Children's author Dorothy Gale makes a decent living continuing her grandfather's series of Oz books. When a new agent enters the scene, Dorothy moves to New York city. In the midst of a ... See full summary »
In this extraordinarily faithful stage version of the second Oz book, the only major deletions were things unperformable on stage (The Jackdaw's nest and the Gryphon/Sawhorse chase) and an ... See full summary »
Rather than adapt a later or create a new Oz story, this production has Dorothy still in posession of the shoes, and she clings to an apple tree during a tornado which takes her back to Oz.... See full summary »
After his witch guardian Mombi threatens to turn him into a statue, young Tip decides to run off to Emerald City with his newly-animated companion, Jack. Along the way, he meets up with Genral Jinjur, leader of the Army of Revolt, who takes Tip prisoner as she marches her troops to take over the Emerald City. Tip escapes to warn the scarecrow, now the ruler of the city, and together they leave to find the Tin Woodsman and form their own army. Written by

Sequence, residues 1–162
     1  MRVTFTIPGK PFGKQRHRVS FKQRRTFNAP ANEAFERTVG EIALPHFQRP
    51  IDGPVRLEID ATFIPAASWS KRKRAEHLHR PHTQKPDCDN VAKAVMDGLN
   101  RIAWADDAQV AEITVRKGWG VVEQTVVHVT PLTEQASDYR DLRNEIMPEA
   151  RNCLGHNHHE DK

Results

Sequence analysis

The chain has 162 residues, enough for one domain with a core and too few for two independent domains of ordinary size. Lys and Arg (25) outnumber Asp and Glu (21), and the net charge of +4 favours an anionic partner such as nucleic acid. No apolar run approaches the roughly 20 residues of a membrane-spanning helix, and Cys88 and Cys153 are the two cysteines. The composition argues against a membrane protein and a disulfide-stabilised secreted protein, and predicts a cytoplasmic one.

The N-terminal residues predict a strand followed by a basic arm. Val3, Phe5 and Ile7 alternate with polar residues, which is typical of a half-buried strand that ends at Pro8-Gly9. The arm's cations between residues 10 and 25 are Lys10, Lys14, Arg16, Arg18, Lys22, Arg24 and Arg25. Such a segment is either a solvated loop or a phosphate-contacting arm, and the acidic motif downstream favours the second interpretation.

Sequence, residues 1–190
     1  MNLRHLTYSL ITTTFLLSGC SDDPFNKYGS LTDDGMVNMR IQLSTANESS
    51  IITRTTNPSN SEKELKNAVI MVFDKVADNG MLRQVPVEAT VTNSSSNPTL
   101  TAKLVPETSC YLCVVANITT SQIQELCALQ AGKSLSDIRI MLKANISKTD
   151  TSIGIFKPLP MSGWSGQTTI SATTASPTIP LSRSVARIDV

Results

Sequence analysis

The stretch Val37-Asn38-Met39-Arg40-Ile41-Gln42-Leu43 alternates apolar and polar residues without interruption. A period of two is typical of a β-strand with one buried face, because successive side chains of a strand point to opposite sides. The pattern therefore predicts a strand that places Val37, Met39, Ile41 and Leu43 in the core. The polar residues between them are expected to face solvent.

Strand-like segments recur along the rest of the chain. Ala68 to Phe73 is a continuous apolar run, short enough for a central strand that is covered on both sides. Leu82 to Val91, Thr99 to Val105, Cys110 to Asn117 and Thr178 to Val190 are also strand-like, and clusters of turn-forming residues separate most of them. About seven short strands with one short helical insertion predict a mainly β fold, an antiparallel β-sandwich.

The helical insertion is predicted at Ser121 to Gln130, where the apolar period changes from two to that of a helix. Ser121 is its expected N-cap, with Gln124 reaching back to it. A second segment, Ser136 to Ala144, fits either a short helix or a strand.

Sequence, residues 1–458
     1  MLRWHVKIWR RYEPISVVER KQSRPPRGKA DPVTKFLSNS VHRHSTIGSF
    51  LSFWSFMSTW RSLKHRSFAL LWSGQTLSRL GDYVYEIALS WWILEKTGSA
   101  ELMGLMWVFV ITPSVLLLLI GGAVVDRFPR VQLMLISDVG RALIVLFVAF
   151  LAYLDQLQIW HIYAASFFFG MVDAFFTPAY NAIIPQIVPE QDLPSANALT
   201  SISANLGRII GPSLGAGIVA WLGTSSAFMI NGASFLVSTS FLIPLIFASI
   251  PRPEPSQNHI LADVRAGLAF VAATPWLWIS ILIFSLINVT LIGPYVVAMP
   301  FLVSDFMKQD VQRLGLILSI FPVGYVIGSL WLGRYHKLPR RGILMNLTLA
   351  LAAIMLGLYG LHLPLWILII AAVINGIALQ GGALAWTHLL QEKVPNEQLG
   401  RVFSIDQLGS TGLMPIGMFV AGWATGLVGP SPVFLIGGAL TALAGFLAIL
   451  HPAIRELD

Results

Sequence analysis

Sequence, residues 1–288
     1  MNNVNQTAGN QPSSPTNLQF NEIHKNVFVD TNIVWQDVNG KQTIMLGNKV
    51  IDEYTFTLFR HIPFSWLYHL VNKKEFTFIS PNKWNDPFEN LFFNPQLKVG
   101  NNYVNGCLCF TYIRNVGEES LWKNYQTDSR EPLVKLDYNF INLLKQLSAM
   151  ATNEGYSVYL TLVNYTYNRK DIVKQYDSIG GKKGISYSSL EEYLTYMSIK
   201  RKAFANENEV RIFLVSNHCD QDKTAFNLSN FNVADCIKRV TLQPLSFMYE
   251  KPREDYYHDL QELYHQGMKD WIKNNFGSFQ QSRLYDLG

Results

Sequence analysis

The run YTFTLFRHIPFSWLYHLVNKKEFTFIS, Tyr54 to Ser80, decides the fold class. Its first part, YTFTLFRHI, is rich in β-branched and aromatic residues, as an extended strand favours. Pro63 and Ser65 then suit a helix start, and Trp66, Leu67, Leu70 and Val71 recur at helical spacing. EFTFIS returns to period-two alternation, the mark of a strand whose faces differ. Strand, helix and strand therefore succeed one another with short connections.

Jean-Marc Rocher <email@example.com>
We're off to the wonderful land of OZ! where scarecrows dance, and pumpkinheads sing, where wogglebugs talk and witches cast spells, where an enchanted little boy can live the magical adventures of his dreams. See more »
Keep your finger on fast-forward and you might survive this atrocity
OK, so this has its moments of "so bad, it's good", but they are much too few and far between. Try sitting through even the short version without fast-forwarding only if you are in need of sleep or seriously enjoy self-inflicted pain. Otherwise, fans of even the worst cinematic dreck should simply watch the 1st five or six minutes of this to capture the flavor of the fiasco, and then scan forward to scenes where new characters are introduced. Or better yet, look for the sampler reel currently available on youtube. "Highlights" of the film include the unbelievably horrible line readings of the lead child actor (the son of director Barry Mahon), the first poorly-timed "moo" of the paper-mache cow (actually just the head of a cow), the "why am I even here" lethargy of poorly-recorded "The Pumpkinhead", and - I suppose - the flying, talking reindeer and the "The Wogglebug". And, oh yes, the mini-skirted army of Gen. Jinjur, actresses that were likely borrowed from the cast of the two adult features Mahon was making (FANNY HILL MEETS THE RED BARON and FANNY HILL MEETS DR. EROTICO) around the very same time that this film was in production.
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